On June 30, 2015, the Canadian federal government passed a law (“Bill C-377”) requiring unions to publically disclose sensitive financial information within six months of their year-end.  The information will be published on the internet by the Minister of National Revenue.

Unless this law is repealed, it will come into force on December 30, 2015.  Unions who fail to comply may be fined $1,000 per day of non-compliance, up to a maximum of $25,000. Continue Reading Union Financial Information to be Published Annually on the Internet

A recent New York Times article about the workplace culture at Amazon has spurred increased debate about the value of so-called “purposeful Darwinism”, in which competitive pressures (both internal and external to the workplace) and grand ambitions foster a cut-throat and gruelling workplace environment that leaves employees struggling to keep up or out in the cold.

Being at the top of any field, some would argue, demands this type of attitude and requires employees and managers who settle for nothing less than the best. When a company operates in a fast-paced, high-stakes industry that rewards continual improvement, hyper-efficiency, precision, and immediate satisfaction, there may be very little room for either error or rest. In exchange for a few years of catering to extraordinary expectations, employees receive above-marker compensation, responsibility, and experience that they might not gain in a less exacting workplace. This assumes, of course, that employees have the option of moving up or moving on, which is often more true for white-collar employees than blue-collar ones.

On the other hand, some companies appear to have achieved remarkable growth while maintaining a positive space for employee engagement and encouraging a more even work/life balance – on the whole, even if not day-to-day. For these companies, corporate sustainability extends beyond ensuring a healthy profit margin and minimal carbon footprint. Rather, it also involves ensuring that key talent can be attracted, encouraged, and maintained and that the diversity of the workforce is harnessed and propelled into innovative ideas and approaches. This attitude towards employee relations may require sacrificing short-term gains for potentially long-term viability – a cost that some employers, particularly those with demanding shareholders, may be unwilling or unable to pay. Continue Reading Workplace Tug-of-War: Balancing Employee Demands with Employer Expectations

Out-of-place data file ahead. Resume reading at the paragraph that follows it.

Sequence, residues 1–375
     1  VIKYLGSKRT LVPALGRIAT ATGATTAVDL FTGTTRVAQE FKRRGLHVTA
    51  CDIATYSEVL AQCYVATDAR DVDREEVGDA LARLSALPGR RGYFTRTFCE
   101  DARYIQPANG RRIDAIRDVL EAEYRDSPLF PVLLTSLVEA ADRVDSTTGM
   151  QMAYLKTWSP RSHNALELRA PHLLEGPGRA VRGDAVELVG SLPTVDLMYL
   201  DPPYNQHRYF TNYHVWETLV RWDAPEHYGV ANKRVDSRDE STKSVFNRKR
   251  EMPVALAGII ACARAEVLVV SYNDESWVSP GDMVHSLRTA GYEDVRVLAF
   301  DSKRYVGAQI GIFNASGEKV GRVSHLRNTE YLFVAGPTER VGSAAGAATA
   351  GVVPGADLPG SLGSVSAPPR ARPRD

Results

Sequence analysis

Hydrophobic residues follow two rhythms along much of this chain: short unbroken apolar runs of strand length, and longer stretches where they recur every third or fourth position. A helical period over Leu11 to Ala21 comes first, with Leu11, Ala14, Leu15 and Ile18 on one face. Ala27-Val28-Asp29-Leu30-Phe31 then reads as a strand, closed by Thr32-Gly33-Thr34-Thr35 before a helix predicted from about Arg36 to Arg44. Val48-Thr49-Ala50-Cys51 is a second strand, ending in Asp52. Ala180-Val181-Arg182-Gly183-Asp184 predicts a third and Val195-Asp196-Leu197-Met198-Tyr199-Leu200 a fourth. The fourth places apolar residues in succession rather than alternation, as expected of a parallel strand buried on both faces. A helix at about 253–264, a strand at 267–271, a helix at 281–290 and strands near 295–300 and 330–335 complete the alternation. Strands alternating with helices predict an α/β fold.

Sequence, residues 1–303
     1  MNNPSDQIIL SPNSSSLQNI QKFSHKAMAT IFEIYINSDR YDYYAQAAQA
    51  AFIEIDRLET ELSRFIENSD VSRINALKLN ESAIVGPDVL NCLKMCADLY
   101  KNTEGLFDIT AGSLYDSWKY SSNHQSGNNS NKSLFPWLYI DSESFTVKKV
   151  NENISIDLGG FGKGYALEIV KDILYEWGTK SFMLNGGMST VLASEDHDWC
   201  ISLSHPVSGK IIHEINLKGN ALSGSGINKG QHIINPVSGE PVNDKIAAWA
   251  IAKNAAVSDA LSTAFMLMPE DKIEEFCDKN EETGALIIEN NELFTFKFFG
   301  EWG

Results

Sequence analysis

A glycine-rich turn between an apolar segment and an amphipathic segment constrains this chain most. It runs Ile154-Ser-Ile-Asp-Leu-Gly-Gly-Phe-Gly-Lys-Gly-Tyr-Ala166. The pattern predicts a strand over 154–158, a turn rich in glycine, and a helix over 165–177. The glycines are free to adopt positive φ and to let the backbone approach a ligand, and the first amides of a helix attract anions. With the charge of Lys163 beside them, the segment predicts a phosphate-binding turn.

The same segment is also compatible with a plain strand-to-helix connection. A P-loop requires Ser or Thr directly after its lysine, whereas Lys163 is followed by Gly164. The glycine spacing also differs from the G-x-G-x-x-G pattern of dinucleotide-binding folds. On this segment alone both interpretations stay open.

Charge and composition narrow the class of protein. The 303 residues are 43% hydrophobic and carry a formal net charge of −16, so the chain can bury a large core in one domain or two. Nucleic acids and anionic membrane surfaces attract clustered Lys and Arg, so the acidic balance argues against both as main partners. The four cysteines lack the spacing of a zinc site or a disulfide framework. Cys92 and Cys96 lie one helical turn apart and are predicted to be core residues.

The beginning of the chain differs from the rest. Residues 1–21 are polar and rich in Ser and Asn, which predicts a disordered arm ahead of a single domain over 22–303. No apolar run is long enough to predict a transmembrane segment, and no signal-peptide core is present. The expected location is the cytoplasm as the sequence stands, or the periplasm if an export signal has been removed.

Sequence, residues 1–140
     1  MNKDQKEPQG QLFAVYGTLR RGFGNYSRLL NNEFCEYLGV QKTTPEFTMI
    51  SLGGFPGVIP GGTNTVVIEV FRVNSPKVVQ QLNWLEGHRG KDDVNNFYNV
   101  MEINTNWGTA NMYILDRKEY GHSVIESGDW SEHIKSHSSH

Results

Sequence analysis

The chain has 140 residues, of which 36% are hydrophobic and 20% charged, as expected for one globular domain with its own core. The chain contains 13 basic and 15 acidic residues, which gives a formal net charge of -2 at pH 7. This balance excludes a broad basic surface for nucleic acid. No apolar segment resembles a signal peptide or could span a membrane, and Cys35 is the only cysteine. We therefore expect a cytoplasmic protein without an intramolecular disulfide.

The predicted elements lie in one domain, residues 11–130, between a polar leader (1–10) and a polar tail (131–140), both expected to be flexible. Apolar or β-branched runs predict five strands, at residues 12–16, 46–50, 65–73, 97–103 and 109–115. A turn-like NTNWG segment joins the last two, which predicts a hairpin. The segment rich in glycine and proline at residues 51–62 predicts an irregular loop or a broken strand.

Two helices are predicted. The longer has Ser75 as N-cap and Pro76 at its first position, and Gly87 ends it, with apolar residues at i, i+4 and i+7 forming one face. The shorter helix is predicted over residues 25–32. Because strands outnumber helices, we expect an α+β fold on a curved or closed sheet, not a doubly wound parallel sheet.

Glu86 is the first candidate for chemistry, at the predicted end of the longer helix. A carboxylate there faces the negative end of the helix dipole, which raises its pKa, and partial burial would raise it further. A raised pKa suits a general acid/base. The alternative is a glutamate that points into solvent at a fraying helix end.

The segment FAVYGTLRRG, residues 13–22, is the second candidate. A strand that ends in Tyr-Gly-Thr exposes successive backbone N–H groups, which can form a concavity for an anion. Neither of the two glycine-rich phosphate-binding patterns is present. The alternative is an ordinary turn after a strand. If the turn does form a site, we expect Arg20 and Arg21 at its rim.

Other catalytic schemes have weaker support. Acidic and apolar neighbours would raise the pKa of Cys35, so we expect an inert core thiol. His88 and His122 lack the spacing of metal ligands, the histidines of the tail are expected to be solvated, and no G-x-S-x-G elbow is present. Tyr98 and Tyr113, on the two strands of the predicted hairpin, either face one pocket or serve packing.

We rarely think about emergencies before they arrive on our doorstep. Yet, the recent civil unrest in Baltimore has presented another eye-opening reminder that no one can predict how or when an emergency might strike. While it might come as a fire or a flood – rather than a riot – it’s clear that when an unexpected crisis arises, it may take a toll on business. But don’t panic. Remain calm. There is one helpful thing that every employer can do; have a plan.

Few people can think clearly and logically during a crisis, so it is important to prepare thoroughly in advance. While no amount of preparation can eliminate all the risks, careful and meticulous planning will undoubtedly limit the costs of inevitable emergencies, save money in the long run and help get the business back to prospering. Continue Reading Before Disaster Strikes: Planning for the Worst Instead of Hoping for the Best

Most employers are familiar with the prohibitions against discrimination that exist in human rights legislation throughout Canada.  At the centre of the legislative web are protections for employees with disabilities which includes the right to equal treatment in employment.

But what about employees who do not suffer from disabling conditions and are simply predisposed to serious, or life-threatening, conditions? Where do they fit into the legal framework? What protections, if any, do they have in the workplace? What rights, if any, do employers have to know about their genetic vulnerabilities? In short, how do genetic markers and family medical history impact the employment relationship?

These are questions that our human rights laws will be forced to grapple with, and the outcome of ongoing debate about “genetic discrimination” is likely to impact employers across the country. While hard and fast answers for are not yet entirely clear, employers should be aware of the differing viewpoints and potential ramifications. Continue Reading It’s All in the Genes: Genetic Discrimination in the Canadian Workplace